So a couple weeks ago, when running back Stevan Ridley was benched for playing with his eyes closed or something, we learned that Ridley was going to reach out to Kevin Faulk regarding how to play with a slippery football. Faulk struggled with fumbles early in his career and head coach Bill Belichick immediately threw out his football knowledge.
Hall of Fame tight end Ozzie Newsome fumbled once with the Cleveland Browns as a rookie. He didn't fumble again. He brought up this story when Faulk struggled in 2000.
When Faulk improved by 2002, Belichick threw out the same exact story about Newsome not fumbled after his rookie year. Presto, hall of famer!
With the Ravens coming to town, and Ozzie being some sort of diabolical genius of a team manager for Baltimore, of course Ozzie was going to come up. The context though?
Q: How does a guy get above that line [of earning the coaches' trust]?
BB: By performing. You go out there and perform. You don't drop below the line. Take Ozzie Newsome. There's a good example right there. When Ozzie was a rookie, he played 13 years, when he was rookie, he fumbled, lost the ball, team lost the game. Never fumbled again the rest of his career. Never fumbled again the rest of his career – 600 and 700 [662 receptions] passes, however many passes it was, however many times he touched the ball the rest of his career, never fumbled again.
Why is Ozzie Newsome in the Hall of Fame? That's why. That kind of commitment, that kind of performance. It was important enough to him. Fumbled once, didn't fumble again the rest of his entire career. Now think about that.
Want to know how a guy gets in the Hall of Fame? That's one reason. Lawrence Taylor. How many sacks did he have? How many times was he offside? Go back and look how many times he was offside. It wasn't very many. There's a guy that hit the quarterback, made as many plays defensively as any player in football, certainly any player I've ever coached but any player in football – I'd put him up against anybody in terms of big plays, hitting the quarterback, tackles beyond the line of scrimmage.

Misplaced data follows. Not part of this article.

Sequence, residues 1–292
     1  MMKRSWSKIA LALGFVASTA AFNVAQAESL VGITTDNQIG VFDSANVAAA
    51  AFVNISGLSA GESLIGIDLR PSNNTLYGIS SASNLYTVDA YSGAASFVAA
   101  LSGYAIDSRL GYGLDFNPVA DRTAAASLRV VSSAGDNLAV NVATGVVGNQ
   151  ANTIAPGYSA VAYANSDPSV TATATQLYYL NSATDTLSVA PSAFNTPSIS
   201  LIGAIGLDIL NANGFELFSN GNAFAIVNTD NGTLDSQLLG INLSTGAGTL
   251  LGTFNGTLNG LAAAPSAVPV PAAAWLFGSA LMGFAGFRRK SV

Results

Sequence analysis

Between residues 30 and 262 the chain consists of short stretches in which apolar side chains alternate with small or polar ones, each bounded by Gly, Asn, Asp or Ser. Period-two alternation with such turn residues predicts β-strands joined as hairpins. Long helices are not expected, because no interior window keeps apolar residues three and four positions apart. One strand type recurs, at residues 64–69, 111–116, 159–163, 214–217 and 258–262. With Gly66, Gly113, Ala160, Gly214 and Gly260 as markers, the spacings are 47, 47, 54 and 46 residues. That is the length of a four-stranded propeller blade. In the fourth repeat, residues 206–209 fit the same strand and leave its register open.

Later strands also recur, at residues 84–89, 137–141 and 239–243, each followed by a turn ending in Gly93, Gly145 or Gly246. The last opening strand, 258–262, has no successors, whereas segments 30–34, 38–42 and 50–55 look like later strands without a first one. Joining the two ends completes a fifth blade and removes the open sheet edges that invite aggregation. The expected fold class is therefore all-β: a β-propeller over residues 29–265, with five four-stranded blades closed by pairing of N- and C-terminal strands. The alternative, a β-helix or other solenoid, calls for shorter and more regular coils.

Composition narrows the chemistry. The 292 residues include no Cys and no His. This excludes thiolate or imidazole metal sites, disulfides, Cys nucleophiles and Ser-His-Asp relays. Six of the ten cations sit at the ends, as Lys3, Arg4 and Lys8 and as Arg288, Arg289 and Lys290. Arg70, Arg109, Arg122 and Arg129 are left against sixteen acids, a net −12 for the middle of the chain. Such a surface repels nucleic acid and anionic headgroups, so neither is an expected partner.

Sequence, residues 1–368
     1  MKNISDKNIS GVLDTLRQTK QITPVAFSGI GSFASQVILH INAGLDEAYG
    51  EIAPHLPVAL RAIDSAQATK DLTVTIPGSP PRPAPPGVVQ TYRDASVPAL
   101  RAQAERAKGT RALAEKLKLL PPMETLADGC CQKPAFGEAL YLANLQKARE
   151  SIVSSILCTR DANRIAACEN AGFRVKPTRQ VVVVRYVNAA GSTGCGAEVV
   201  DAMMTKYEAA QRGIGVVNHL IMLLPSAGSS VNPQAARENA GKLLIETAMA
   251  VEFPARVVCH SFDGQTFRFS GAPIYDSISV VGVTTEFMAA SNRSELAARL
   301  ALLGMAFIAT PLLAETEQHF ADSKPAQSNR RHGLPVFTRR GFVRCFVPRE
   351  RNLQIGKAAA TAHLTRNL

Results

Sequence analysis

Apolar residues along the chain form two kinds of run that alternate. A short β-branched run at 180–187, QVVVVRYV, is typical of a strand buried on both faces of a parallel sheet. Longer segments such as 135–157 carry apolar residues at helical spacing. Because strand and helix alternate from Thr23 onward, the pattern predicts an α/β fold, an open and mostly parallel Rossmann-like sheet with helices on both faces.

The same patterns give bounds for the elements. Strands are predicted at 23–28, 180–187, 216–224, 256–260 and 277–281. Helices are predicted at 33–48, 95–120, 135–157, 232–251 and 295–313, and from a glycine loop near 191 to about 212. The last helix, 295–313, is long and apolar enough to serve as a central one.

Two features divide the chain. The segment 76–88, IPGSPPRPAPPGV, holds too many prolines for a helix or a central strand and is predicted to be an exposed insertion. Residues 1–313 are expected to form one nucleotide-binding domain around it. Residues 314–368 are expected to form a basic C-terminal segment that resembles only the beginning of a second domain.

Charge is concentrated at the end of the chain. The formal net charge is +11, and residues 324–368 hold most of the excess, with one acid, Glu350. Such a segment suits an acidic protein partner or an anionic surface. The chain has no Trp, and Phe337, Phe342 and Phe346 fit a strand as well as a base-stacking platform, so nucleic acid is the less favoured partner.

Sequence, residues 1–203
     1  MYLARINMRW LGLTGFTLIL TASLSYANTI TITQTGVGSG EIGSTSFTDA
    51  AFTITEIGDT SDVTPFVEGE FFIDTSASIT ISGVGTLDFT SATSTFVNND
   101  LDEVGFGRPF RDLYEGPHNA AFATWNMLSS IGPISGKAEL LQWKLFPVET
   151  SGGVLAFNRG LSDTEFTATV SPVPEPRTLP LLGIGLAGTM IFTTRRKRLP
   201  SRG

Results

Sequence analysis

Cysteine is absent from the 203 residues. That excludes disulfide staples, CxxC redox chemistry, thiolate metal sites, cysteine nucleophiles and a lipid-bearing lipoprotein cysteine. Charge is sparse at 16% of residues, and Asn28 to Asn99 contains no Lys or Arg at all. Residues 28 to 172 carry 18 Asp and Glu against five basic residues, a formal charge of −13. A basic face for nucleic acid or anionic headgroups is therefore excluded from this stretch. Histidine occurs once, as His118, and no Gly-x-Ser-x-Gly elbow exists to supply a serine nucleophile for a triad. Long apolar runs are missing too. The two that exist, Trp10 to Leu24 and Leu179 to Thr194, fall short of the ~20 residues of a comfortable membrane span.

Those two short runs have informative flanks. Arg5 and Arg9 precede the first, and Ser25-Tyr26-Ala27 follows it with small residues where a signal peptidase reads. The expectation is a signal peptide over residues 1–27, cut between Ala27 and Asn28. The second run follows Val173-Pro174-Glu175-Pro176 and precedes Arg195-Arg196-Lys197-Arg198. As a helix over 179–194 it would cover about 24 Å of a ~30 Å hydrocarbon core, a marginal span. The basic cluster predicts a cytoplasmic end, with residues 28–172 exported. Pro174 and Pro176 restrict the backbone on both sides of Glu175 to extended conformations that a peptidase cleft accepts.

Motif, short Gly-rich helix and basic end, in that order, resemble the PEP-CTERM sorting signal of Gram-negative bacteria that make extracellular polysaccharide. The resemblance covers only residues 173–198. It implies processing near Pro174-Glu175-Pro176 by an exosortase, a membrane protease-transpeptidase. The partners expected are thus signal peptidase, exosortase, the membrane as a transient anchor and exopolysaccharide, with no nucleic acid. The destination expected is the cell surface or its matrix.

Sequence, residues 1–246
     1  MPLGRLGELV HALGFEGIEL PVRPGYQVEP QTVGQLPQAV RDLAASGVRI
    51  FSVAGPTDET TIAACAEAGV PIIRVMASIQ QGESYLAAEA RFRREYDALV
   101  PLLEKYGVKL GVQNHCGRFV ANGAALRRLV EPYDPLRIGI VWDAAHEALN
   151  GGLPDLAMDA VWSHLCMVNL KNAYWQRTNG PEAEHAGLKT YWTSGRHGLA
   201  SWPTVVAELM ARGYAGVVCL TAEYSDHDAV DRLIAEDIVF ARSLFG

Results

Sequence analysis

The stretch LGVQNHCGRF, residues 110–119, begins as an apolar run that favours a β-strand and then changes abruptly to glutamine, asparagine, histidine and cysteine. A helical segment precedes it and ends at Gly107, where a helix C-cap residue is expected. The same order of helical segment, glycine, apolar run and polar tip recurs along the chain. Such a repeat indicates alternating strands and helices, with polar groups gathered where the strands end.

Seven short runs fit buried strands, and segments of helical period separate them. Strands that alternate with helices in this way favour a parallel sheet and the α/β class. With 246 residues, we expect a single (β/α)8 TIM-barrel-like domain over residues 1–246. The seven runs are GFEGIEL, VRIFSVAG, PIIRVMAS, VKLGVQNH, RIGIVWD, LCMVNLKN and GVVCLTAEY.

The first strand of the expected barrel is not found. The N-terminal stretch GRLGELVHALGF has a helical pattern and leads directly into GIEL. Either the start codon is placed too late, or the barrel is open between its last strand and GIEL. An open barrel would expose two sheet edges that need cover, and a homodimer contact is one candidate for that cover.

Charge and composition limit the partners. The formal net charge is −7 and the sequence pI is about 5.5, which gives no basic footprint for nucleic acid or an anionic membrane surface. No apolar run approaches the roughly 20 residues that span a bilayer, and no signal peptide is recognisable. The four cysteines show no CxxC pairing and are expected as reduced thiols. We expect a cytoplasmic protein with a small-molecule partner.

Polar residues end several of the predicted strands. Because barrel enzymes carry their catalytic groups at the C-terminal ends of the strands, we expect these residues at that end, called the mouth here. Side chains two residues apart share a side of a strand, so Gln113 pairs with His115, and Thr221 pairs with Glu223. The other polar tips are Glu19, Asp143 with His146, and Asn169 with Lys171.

I don't care what the stats are, a lot of plays that he made, that somebody else made, but he was an impact, dynamic, as disruptive a player defensively as there's probably ever been in the National Football League. How many times was he offside? Was he offside? Yeah, but he was a pretty disruptive player without doing that.
I think those are examples of what I'm talking about – for all of us.We all make mistakes, even the great ones, but they don't repeat them, they don't make very many of them, they correct it, it's important enough to them to move on and get it right. That's how you do it. You get it right.
YES! Belichick the human cyborg broke out the same line! AND HE INTRODUCED LAWRENCE TAYLOR! So if a player is supposed to earn the coaches trust and remain above "the line", they essentially have to be Hall of Fame caliber players. So Tom Brady. Vince Wilfork. Logan Mankins.
Woe to those other players who make mistakes because Belichick won't hesitate to bench you if you so much as fumble a cup of Gatorade on the sideline.
But no pressure, Ridley. I'm sure you'll be fine.